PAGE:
Creating Plastic Templates
This tutorial will walk you through the very easy process of creating templates from template plastic. When i’m first writing a new pattern that requires a template, I often times make it out of template plastic to be sure my measurements are correct before sending it out to be made into an acrylic version. My latest pattern to release, Feathered Nest, requires the use of a template and if you have decided not to purchase an acrylic version, then I want to walk you through creating one of your own at home with template plastic
I purchase Dritz Heavy Duty template plastic at Joann’s, but i’m sure it can be found in other retail locations as well. It comes in a few different forms – clear, gridded and white. I most often create my templates on the computer first, so using the clear template plastic makes the most sense for me, and that is what i’m going to recommend to you today if you are creating a template from a printed pattern.
Begin by printing out your template for your pattern, and be sure to choose “Actual Size” in our print dialog box. You want to be sure your template is the correct size. Gather a few supplies you’ll need to make your template: template plastic, permanent marker (preferably fine tipped), some tape (I like to use Washi tape), and some scissors.
Cut out around your template, leaving some white space around the outline of your template. Tape it to the backside of your template plastic, right side up, so that the template is visible from the top of the plastic, where you will be tracing. Grab your fine tipped, permanent marker and if you have a smaller ruler, I suggest using that as well. Because this template is all straight lines, you might as well utilize a ruler to get the straightest line possible when tracing. If you will be tracing a curved template, the bottom of a glass, or a jar lid could be useful.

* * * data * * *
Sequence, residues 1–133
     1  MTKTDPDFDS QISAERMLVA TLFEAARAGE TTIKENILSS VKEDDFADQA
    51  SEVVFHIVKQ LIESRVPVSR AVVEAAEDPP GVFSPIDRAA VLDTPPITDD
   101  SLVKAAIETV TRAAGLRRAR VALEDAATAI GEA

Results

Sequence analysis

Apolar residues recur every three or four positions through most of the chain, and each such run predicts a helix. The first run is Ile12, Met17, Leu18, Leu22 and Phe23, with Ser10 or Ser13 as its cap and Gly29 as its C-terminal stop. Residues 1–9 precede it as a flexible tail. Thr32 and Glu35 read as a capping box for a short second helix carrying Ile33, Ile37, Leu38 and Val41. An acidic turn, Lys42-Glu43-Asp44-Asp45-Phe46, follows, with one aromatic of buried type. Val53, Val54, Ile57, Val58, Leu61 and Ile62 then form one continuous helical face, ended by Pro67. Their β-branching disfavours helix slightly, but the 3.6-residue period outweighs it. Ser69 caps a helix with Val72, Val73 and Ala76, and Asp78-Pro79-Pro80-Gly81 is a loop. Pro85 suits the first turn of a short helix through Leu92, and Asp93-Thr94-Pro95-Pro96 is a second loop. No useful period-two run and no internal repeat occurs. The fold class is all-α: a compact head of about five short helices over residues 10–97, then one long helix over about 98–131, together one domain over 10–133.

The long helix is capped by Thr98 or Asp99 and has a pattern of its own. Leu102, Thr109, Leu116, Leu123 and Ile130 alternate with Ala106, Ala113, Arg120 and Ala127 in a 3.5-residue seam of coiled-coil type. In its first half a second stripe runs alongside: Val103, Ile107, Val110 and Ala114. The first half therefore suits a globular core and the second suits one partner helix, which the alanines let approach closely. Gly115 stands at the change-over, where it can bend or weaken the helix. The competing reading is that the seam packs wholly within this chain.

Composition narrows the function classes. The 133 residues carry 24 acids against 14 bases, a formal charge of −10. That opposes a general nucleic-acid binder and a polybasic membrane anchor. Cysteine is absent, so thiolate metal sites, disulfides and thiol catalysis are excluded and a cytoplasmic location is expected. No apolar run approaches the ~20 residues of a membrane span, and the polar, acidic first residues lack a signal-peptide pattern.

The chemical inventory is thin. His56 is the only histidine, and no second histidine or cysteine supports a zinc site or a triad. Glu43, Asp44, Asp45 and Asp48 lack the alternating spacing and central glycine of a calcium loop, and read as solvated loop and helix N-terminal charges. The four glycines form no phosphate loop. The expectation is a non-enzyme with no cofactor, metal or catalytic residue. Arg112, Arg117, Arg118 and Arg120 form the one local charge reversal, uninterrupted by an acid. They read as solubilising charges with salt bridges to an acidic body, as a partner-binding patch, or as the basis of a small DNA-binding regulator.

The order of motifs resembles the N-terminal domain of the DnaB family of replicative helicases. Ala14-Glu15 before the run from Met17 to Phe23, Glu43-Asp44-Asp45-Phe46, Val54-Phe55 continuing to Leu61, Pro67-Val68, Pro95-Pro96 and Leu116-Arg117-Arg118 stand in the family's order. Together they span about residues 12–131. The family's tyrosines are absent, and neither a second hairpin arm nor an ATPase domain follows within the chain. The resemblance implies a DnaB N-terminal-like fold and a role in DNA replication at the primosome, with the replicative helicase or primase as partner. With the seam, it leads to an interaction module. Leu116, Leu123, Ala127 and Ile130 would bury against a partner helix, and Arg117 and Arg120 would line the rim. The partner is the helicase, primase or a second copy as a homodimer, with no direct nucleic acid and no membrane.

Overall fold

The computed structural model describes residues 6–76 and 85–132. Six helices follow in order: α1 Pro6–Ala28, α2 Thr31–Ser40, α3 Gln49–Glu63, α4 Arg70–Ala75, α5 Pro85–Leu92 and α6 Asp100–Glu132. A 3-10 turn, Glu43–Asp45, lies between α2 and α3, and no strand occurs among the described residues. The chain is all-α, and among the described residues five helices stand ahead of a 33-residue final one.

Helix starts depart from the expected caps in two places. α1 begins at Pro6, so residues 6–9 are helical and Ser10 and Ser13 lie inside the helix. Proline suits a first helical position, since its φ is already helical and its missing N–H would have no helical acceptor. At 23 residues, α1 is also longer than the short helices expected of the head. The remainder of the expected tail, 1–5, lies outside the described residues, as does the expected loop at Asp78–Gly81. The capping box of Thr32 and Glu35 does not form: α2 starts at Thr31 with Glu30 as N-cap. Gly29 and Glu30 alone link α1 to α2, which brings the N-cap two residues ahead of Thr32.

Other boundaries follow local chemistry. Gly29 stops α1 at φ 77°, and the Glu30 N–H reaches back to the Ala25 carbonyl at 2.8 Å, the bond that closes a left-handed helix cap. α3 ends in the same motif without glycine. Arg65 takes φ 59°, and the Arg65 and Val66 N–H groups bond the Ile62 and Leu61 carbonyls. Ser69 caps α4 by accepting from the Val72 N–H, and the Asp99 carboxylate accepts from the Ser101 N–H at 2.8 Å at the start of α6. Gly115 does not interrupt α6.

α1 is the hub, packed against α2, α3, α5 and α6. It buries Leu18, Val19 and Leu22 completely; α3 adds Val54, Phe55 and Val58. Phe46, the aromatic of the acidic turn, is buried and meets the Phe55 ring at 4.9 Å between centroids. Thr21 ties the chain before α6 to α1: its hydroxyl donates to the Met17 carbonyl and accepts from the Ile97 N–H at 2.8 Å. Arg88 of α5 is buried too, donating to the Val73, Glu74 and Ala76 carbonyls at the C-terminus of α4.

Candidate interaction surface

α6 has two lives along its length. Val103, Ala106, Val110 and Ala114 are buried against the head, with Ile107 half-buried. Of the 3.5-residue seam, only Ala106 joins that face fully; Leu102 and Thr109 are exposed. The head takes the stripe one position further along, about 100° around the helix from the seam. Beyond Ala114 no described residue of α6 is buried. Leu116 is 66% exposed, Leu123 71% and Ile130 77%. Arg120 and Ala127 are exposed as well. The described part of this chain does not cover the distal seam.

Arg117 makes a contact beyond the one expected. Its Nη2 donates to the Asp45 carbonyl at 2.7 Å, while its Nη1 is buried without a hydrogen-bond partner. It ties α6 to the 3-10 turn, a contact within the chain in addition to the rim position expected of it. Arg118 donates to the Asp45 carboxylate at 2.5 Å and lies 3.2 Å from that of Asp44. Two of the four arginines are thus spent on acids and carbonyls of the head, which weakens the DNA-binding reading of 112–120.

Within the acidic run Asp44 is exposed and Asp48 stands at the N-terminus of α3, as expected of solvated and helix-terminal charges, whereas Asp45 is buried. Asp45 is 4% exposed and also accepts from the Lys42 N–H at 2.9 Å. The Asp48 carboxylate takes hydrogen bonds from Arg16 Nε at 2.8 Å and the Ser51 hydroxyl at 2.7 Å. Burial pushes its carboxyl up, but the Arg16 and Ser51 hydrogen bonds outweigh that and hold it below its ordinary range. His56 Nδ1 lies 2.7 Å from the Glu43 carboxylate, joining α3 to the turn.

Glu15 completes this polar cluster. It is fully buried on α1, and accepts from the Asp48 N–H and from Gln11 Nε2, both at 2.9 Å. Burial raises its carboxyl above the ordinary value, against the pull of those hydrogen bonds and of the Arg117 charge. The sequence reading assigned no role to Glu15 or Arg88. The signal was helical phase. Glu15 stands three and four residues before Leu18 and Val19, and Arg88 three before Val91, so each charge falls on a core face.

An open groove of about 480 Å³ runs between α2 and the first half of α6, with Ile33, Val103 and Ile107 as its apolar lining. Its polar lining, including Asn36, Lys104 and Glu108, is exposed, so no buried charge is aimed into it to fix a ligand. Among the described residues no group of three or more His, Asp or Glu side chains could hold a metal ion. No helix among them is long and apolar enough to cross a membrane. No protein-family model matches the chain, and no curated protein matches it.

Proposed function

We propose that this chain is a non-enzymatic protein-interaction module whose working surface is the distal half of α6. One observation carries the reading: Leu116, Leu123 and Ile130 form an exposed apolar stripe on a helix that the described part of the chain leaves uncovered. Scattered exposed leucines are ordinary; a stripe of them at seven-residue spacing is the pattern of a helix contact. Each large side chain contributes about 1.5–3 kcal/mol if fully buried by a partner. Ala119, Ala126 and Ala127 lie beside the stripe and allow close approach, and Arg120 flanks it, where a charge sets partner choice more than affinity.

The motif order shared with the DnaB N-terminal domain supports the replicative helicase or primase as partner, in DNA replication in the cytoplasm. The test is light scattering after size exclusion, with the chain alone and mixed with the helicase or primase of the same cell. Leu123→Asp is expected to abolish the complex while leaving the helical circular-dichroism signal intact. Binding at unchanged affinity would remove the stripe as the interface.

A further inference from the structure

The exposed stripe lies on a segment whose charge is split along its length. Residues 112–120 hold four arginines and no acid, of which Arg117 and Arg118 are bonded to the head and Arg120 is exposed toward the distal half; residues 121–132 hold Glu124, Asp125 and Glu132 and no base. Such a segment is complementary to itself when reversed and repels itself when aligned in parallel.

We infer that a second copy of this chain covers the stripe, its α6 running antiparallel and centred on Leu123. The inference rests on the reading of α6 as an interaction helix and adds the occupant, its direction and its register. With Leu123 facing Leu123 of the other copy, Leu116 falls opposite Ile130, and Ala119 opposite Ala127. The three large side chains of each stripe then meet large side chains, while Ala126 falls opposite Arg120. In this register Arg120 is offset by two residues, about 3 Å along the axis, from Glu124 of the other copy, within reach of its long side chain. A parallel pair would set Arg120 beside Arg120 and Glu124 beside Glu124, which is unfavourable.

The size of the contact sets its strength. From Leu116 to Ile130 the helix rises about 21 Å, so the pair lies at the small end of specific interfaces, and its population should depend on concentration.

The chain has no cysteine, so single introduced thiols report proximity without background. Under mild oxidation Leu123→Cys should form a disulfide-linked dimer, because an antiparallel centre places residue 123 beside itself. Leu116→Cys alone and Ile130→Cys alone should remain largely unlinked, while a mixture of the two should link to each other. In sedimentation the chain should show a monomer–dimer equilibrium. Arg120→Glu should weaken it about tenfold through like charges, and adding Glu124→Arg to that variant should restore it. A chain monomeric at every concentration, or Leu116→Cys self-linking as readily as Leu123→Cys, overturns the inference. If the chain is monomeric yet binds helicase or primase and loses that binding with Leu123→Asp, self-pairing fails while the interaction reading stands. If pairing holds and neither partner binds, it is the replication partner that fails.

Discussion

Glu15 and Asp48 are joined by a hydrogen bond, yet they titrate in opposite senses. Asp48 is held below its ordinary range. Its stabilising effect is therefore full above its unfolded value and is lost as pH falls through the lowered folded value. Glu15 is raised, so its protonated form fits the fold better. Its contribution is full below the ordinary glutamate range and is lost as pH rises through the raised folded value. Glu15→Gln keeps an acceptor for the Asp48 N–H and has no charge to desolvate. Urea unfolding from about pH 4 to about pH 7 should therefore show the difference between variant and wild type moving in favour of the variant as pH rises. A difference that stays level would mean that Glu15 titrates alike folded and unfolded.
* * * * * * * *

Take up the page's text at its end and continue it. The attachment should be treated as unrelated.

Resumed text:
On the right side of your plastic, trace over your template piece that is showing through the template plastic. Make sure your lines are nice and dark, and be sure to trace around other important information on your template – like words and arrows.
The template for this pattern is used both forwards and backwards (which is another reason to use clear template plastic), so I was sure to trace my words, both forwards and backwards.
Now it’s time to cut out your template. I begin by cutting away the piece that my template is drawn on. This makes it easier to cut around the fine lines without the bulk of the extra plastic. From here, you could continue to cut your piece out with scissors, and for curved templates I would, however, since this pieces is all straight lines, i’m going to use a utility knife and ruler.
If you will be using a utility knife, start by laying your ruler at the very edge of your drawn line, and then use the utility knife to score the plastic. I ran my blade down the edge of the ruler two or three times. You could press hard enough to pierce through the plastic, but it’s not necessary. Just be sure to give it a good score.
After you’ve scored your lines, bend the plastic back gently and wiggle it back and forth a few times. The plastic should tear right off for you on your scored lined.
After you’ve cut around your template, the completed piece is now ready to use. When using your templates made from template plastic, take your time when cutting around them with a rotary cutter. You don’t want to nick or gouge your template. I just take my time and find them to be a great way to make templates.
November 22, 2014 at 8:45 am
I do this too. Sometimes you just want your own custom template. They are fun to make, and I keep mine in a folder.
November 28, 2014 at 8:41 am
Here’s a little money saving tip: I often find sheets of plastic in packages of bacon and other food products, and they are suitable to use, after cleaning well, of course, for templates and stencils.